I’m not much of a breakfast person, generally because I am occupied making different things for different people and also packing lunches and permissions slips and no I don’t know where your other sock is just wear mismatched ones and all I can really manage before 9 AM is coffee. By the time the kids and husband are packed off for the day, I generally just reach for whatever is quick and easy–a few slices of turkey tucked into a slice of bread, leftover soup/stew/whatever, or maybe some avocado toast if I’m feeling sassy.
Weekend breakfasts? Breakfast carbs. My husband um, doesn’t eat eggs (why???), so I default to a pancake/muffin/waffle situation because who doesn’t like those things? Ok actually I don’t but no one asked me what I wanted for breakfast because I was the one shouting, “Hey what do you guys want for breakfast?” And more often than not, the answer to that question is waffles.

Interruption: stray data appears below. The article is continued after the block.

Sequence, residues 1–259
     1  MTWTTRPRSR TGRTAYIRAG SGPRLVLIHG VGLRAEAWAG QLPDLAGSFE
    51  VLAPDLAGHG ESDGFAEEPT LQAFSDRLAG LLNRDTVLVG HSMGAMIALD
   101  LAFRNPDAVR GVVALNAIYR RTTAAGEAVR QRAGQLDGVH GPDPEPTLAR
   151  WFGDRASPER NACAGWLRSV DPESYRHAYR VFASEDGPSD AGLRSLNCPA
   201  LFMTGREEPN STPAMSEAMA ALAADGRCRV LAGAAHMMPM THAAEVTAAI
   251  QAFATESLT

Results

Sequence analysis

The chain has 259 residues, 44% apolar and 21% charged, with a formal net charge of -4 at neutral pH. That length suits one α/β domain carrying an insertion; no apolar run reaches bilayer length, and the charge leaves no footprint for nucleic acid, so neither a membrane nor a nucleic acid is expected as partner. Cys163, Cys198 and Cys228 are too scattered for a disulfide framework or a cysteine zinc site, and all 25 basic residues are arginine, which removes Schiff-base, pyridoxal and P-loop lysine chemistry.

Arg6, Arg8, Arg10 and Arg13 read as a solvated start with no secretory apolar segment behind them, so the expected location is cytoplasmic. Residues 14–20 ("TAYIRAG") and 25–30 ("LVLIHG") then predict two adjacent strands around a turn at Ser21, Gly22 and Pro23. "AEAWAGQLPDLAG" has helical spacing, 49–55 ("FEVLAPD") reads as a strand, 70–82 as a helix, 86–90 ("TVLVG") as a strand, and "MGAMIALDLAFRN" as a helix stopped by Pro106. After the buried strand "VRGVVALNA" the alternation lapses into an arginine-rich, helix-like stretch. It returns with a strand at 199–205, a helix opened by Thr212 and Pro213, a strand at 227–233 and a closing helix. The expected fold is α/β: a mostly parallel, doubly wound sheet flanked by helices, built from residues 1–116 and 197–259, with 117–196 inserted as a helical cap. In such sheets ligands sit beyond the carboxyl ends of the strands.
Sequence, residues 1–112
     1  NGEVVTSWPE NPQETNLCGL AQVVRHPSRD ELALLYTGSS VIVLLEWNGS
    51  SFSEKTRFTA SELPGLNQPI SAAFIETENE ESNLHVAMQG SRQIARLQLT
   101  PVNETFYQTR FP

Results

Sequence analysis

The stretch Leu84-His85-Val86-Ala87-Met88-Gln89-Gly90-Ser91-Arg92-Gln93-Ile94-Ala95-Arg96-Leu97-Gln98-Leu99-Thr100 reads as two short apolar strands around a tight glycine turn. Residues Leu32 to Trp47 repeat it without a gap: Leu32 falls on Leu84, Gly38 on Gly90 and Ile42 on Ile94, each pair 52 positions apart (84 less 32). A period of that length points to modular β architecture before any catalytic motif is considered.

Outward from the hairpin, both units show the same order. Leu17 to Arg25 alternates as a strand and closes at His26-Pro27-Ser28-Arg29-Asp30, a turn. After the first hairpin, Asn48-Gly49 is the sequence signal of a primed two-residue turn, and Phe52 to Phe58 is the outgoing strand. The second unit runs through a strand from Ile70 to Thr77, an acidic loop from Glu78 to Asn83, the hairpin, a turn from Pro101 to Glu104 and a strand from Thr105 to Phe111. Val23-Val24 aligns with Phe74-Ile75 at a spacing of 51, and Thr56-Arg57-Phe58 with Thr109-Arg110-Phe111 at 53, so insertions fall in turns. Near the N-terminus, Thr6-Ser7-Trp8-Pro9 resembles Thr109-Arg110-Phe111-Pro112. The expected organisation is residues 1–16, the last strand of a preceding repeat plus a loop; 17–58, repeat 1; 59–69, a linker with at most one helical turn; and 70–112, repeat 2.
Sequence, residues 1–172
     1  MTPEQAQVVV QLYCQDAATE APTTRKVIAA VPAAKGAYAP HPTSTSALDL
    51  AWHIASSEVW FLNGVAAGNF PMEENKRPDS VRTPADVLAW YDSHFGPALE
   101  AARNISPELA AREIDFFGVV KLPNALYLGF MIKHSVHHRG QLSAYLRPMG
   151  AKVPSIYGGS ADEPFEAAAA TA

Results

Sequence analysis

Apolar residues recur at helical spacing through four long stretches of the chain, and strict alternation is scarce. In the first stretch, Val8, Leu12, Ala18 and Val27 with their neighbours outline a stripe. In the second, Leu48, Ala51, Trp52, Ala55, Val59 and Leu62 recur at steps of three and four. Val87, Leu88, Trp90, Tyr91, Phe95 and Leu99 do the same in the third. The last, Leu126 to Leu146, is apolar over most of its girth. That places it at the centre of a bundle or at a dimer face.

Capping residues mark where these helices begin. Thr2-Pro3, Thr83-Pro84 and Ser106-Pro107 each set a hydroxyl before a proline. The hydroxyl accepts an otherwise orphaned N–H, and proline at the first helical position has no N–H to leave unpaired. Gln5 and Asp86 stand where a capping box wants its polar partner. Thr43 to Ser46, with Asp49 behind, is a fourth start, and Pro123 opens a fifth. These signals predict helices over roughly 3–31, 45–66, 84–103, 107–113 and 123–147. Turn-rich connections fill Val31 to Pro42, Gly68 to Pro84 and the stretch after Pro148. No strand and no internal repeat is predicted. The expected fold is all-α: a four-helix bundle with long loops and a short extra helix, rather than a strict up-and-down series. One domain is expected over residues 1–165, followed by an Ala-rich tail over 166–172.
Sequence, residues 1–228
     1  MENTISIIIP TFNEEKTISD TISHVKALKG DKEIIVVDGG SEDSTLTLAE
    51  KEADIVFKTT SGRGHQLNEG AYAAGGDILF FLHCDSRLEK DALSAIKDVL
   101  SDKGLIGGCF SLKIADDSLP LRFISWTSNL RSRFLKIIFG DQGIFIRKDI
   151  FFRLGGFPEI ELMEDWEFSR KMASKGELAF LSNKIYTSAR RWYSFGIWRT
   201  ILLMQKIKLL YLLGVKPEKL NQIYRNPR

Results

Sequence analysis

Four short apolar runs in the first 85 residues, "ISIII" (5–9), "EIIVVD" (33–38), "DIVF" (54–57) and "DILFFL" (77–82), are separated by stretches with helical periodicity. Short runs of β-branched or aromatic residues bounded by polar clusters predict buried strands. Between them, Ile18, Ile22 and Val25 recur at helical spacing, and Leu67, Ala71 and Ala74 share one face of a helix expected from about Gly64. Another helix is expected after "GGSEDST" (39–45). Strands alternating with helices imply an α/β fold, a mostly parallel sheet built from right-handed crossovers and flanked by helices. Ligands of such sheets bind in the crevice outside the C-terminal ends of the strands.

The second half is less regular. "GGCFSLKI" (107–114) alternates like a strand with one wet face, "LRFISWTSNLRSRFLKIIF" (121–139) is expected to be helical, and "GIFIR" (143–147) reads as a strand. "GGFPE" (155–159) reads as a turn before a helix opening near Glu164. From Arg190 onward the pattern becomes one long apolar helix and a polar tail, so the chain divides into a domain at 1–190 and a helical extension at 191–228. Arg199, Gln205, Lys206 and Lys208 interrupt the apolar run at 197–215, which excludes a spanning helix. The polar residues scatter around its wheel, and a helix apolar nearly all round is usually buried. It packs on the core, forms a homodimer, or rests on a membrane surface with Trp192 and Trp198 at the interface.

Here is a fun story about waffle irons.
When my husband and I moved in together, we ended up with two waffle irons. His was a newer model, so I ended up donating mine. Turns out, his waffle iron was complete crap and turned out nothing but soggy-floppy-gridlike waffle impersonators. And so the waffle iron got tucked away on the shelf, forgotten next to his slow cooker that was missing a lid, but which he refused to get rid of because “it was perfect for mini meatballs.” (Note: he has never once in our many years together made me mini meatballs.)